A dot-com era story about digital signatures

Here's a dot-com era story that I was telling one of our engineers this morning. They suggested that I put it here, so here it is.

Back in the dot-com era, I worked for the information security group at a large accounting firm. It was called a "Big 5" accounting firm back then, before the troubles at Arthur Andersen reduced it to the Big 4. At this accounting firm we used Lotus Notes for email and other forms of collaboration, and Notes happened to give you the ability to sign or encrypt emails. This capability wasn't actually that useful because it really only worked inside the company, but that's a limitation that pretty much any email encryption product that uses digital certificates to manage public keys has.

In any event, the partner who ran the security group was very concerned that by digitally signing emails we were creating legally-binding contracts. Everyone in his group tried to explain to him how this wasn't true, but he either didn't understand what we were saying or decided not to follow our advice.

The result was a policy forbidding us to use digital signatures.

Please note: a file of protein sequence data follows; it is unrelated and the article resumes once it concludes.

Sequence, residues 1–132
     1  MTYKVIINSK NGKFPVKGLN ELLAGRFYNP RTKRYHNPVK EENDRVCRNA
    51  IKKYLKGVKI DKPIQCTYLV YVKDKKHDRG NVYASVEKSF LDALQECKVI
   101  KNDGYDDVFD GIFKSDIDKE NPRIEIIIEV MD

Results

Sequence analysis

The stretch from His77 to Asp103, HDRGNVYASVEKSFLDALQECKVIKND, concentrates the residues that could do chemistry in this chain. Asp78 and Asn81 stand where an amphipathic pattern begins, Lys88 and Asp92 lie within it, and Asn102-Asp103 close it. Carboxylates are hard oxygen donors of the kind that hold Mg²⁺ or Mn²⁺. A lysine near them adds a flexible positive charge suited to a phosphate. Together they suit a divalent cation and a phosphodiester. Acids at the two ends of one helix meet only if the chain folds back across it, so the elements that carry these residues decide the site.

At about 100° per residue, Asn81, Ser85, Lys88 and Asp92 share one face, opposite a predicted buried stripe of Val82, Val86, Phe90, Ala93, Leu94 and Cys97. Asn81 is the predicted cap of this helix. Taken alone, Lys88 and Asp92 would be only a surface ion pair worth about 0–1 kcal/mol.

And because it can be hard to get policies changed at large organizations, I wouldn't be at all surprised if this particular organization is still forbidden from using digital signatures.

Maybe that's not quite true.

The people in this particular organization seemed to quickly figure out that their management didn't quite understand information security and there was soon a mass exodus of very talented people. I seem to recall that the group went from roughly 30 people to less than 10 people over a period of a month or two as people quickly quit and moved on to other jobs. The partner in charge of the group was quickly reassigned to a position that focused on just accounting, so it's entirely possible that his policy on digital signature use disappeared with him. But you never quite know with these sorts of policies.

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